What Goes On In The Minds of The Jury?I was sitting in the jury box one morning in a crowded courtroom.  I was just waiting for my case to be called by the court.  While sitting in a juror's chair I wondered what goes through the minds of jurors as they sit in judgement of a case being presented to them in a trial.  I have never served as a juror, so my perspective on this issue must be so different than the real experience of a juror. 

I understand that as a trial lawyer, it is my job to portray the evidence in such a way that each juror can clearly visualize the facts in the case and to understand how those facts should be understood in light of the law which applies to those facts.  As I sat in the jury box, I thought of how strange it must be for the twelve jurors to evaluate the facts of a case along with the witness testimony.  In the courtroom, evidence is presented through witnesses and physical evidence.  The evidence is presented through questions from the lawyers and answers from the witnesses.  This is so different from the way most people learn and take in information.  This process can be very scripted, sometimes very boring and dry.  Sometimes this information comes before the jury in an irregular manner, in that, it sometimes it is presented in a manner other than chronologically.  Nearly all the witnesses, except for expert witnesses have never testified in a court so they make many mistakes, they are nervous and sometimes confused.  The jury has one chance to evaluate the witnesses and make a decision on the witnesses' credibility and their ability to observe all they are testifying to from the witness stand.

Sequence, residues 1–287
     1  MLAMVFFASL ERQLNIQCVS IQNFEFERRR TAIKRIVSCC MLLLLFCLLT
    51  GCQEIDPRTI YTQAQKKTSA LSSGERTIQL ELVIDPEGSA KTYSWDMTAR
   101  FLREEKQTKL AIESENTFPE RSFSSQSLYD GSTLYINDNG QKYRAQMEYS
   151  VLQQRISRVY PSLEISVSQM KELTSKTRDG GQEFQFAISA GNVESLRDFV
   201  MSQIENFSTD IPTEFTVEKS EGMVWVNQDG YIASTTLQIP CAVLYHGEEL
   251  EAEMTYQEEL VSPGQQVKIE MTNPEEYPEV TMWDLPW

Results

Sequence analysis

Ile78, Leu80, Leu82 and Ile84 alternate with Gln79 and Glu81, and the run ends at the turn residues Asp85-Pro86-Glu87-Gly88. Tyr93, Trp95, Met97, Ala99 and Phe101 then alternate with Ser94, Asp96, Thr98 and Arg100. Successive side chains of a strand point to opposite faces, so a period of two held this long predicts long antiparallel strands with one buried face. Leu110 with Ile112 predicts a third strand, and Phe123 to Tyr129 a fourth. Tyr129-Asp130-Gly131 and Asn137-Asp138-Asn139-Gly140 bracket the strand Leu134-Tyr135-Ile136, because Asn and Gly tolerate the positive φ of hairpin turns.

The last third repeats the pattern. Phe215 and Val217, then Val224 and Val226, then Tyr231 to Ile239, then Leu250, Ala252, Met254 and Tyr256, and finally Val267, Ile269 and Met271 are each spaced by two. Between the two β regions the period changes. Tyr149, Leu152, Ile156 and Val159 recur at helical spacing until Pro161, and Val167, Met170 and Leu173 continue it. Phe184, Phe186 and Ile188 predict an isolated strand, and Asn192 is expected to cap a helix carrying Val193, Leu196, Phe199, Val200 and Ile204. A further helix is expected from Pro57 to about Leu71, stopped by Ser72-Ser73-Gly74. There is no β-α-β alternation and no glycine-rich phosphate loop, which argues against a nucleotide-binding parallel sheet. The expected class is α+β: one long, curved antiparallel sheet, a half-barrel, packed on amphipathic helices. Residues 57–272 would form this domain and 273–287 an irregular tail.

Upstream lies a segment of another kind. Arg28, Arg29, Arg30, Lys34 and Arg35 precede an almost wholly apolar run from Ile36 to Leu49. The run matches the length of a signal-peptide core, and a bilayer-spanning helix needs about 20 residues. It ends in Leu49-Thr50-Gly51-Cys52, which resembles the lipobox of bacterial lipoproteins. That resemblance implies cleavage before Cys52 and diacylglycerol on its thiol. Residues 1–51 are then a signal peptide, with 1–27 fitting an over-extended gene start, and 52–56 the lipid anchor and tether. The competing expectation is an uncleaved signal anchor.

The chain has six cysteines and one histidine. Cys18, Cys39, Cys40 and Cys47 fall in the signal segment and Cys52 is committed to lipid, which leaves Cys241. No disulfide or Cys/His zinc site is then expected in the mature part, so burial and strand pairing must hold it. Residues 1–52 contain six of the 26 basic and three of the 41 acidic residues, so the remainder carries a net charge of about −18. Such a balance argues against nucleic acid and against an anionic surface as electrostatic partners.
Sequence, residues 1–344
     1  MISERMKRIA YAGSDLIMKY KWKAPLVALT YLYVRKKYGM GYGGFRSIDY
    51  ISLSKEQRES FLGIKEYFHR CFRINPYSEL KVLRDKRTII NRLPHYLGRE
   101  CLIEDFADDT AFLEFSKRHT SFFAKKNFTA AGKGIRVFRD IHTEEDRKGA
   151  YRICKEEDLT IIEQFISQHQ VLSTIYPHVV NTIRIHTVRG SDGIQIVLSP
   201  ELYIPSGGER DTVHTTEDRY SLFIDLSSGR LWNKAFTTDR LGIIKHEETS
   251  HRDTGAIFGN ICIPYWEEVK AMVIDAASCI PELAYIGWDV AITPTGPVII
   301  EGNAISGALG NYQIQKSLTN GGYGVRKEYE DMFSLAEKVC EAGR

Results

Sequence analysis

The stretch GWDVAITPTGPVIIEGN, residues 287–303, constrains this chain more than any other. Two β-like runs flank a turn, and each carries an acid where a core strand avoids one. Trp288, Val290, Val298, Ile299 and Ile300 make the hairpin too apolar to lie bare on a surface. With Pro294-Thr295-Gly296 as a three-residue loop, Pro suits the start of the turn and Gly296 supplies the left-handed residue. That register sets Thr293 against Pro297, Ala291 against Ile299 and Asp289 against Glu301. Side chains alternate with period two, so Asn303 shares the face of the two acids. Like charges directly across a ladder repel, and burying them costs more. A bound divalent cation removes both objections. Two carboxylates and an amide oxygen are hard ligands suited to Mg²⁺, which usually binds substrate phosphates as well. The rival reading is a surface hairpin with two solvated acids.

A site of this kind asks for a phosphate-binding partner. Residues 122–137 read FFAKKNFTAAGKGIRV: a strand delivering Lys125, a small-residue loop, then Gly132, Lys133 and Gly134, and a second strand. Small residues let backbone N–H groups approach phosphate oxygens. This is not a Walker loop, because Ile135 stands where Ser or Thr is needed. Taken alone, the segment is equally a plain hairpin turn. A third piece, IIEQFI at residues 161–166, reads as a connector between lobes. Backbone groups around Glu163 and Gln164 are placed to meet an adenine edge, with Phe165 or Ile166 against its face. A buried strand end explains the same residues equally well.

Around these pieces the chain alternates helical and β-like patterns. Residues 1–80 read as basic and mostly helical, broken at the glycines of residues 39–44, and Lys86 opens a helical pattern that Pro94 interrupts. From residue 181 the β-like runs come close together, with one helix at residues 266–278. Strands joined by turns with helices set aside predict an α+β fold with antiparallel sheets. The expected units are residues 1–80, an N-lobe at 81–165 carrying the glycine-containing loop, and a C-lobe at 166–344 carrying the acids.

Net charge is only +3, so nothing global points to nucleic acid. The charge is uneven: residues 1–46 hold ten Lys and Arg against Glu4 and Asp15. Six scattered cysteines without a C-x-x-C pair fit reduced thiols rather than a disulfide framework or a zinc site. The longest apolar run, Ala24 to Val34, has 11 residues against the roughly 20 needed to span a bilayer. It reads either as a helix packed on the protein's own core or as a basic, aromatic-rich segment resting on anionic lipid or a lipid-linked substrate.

Once all the evidence is presented, and the law presented by the judge, the trial lawyers have the opportunity to argue the case.  The lawyers attempt to put together all the evidence in a manner such that the jury can understand the evidence presented and explain how that evidence is interpreted in light of the law.  Once the jury has all the information and the arguments of counsel, the jurors, for the first time get to actually discuss the case with the other jurors to make a decision.  After proper deliberation, the jury returns its verdict.

When that verdict returns, I often wonder what was most important to each of the jurors and what was the most influential to those jurors.  If you have been a juror, I would like to know what your experience was like.  What was most important to you?  What did the lawyers do that you liked and what did you not like about the lawyer?  If you can share your experience as a juror, it will help me to be a better trial lawyer in my future cases.

David Ricks
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Rancho Cucamonga Personal Injury Lawyer Serving the Inland Empire Community
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